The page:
are those among them who became great poets and writers.  Yet the ones
we remember most are the teary orphans with their hopes, their hunger
and their tattered clothes, their little loves and, most importantly,
their large dreams.

			      * * * * *


The first and the last of Vartkes Bedrossian's 'Four Novelettes' are
genuine, truthful and realistic renderings of aspects of the lives of
ordinary, 'non-party' men and women in Soviet Armenia. Bedrossian was
a talented writer who managed to circumvent the art-destroying
parameters of the 'Soviet Socialist Realism'. As a result we have some
fine and sensitive accounts of the alienated existence of Armenian
youth in the latter stages of the Soviet era.

In 'Lived and Unlived Years' a dispirited journalist is asked to
investigate the suicide of two young lovers who have been denounced
and expelled by the youth wing of the Communist Party. Rebelling
against the Party's pre-determined 'line' on the issue, his search
reveals the stifling nature of the prevailing 'socialist morality'. In
reality it is no more than Armenian religious prejudice and old
peasant morality modified and re-dressed in socialist clothing. The
couple apparently betrayed both family and Party honour by making love
in the village field, so they were hounded by family and party and
driven to despair.

The last story 'The Last Teacher' is of the same quality as the
first. Here the scandal of a striptease by some students leads us to a
gripping tour through the corrupt hierarchy of the educational
system. Learning by rote replaces creative thought and the students'
interests count for naught as teachers are concerned only with
maintaining discipline and seeing the day through without undue
mishap. Into this deadened, spiritless, anaemic world walks a figure
of genuine honesty and integrity. Mamian's efforts for the children,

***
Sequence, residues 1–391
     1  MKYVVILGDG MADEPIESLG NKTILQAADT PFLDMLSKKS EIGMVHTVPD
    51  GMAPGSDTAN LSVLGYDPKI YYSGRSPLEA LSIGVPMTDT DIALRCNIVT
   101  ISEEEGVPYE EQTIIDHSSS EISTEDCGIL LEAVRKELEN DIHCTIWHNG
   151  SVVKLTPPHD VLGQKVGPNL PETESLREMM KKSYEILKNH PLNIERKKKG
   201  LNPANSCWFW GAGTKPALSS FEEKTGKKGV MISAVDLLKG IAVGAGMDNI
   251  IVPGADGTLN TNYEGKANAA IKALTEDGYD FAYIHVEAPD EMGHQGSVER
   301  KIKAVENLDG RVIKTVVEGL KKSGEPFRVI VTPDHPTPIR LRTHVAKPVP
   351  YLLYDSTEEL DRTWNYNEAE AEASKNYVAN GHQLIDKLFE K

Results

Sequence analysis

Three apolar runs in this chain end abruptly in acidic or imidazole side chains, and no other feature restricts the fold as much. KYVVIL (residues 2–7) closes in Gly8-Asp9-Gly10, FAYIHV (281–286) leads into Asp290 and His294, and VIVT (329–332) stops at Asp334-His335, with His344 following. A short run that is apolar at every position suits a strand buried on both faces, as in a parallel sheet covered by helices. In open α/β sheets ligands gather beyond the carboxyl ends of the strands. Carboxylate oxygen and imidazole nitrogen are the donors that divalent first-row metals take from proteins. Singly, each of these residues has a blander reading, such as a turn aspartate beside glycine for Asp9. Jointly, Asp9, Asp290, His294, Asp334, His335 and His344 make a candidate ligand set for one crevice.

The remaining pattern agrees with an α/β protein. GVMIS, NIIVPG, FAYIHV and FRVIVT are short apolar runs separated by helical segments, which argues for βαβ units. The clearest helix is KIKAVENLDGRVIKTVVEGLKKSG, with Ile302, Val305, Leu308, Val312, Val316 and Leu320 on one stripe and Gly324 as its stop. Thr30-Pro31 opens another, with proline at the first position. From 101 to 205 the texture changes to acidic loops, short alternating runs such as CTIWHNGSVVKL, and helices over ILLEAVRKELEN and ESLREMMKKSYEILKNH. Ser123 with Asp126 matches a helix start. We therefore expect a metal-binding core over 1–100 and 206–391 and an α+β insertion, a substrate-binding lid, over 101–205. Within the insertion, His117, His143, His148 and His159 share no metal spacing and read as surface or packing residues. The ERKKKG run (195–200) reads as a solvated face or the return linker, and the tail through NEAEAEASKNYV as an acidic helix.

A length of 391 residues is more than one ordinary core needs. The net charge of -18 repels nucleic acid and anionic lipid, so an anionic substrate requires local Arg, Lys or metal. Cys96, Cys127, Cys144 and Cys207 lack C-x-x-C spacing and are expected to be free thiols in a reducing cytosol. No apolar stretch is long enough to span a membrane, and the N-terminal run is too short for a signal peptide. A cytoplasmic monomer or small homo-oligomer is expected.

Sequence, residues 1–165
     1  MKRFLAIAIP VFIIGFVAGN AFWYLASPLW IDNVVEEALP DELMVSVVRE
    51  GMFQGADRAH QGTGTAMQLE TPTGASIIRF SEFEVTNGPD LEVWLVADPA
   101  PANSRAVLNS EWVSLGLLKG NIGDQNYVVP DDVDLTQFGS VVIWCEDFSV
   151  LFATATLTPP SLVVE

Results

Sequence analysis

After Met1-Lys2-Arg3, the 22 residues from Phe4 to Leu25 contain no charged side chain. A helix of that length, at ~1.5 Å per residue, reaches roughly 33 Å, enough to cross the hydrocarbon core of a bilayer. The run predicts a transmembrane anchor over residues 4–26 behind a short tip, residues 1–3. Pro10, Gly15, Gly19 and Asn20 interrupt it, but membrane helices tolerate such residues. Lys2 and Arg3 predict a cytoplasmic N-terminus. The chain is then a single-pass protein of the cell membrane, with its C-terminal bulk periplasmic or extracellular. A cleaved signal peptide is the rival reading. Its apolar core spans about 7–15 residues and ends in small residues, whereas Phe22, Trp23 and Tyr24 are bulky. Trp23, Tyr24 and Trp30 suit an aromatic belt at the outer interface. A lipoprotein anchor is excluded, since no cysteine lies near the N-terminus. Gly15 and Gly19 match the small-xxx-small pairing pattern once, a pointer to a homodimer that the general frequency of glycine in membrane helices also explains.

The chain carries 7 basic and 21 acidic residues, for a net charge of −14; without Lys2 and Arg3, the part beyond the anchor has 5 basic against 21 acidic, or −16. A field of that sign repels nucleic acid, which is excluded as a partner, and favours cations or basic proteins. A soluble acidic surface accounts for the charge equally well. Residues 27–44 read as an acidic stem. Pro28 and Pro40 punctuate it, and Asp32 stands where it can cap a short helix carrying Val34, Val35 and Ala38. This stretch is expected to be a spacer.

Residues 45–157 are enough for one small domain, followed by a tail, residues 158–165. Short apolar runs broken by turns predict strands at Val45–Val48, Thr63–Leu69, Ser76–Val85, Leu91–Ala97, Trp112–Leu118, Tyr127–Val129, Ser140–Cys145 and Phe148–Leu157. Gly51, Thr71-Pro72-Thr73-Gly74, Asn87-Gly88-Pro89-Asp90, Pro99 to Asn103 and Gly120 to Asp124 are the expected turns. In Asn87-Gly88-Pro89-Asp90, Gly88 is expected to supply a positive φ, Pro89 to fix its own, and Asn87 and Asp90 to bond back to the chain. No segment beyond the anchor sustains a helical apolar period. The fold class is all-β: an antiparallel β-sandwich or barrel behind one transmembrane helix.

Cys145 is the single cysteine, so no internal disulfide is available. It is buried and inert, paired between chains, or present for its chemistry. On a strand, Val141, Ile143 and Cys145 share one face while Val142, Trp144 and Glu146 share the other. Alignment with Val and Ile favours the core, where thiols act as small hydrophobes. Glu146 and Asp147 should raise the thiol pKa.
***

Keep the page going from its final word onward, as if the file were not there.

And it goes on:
his humane responses to events and his relations with local parents
bring forth a vivid portrait of modern Armenian life prior to the
collapse of the Soviet Union.

Peppered with sharp observations about life, the individual psyche
and the human condition, these stories cast a reflection on human
life beyond the boundaries of the Soviet society within which they
were written.

			      * * * * *


Medieval Armenian Popular Songs, a volume first published in 1956, is
a truly splendid anthology of some 140 well-annotated Armenian folk
songs from the Tenth to the Seventeenth centuries. The editor, Assadour
Mnatzaganian, opens it with a brilliant introductory essay delving into
the now remote world of the Armenian peasantry during these long, harsh
and brutal centuries.

Written in clear Armenian and pleasantly free of tiresome dogmatism,
Mnatzaganian reveals the human world behind allegorical tales of
battles between heaven and earth, the clashes between the seasons and
behind the stories of peacocks, birds and sheep. All the pain and the
suffering, the anguish and the despair, but also the hope and the
optimism of the ordinary people echo in these songs.

Mnatzaganian quotes Maxim Gorky to the effect that folklore often runs
parallel with official history, filling out the latter's gaps,
especially in relation to the lives of the 'lower orders'. This book
reinforces Gorky's observation. Almost all aspects of life - labour,
love, the wonder of the seasons, issues of religion, war, conquest and
emigration and the slave's eternal struggle for freedom - feature in
these songs, some of which attain the finest artistic form.

Mr. Eddie Arnavoudian holds degrees in History and Politics from
Manchester, England. He has written on literary and political
matters for "Haratch" in Paris and "Nairi" in Beirut. His reviews
have also been published in "Open Letter" in Los Angeles.

| Home | Administrative | Introduction | Armenian News | World News | Feedback |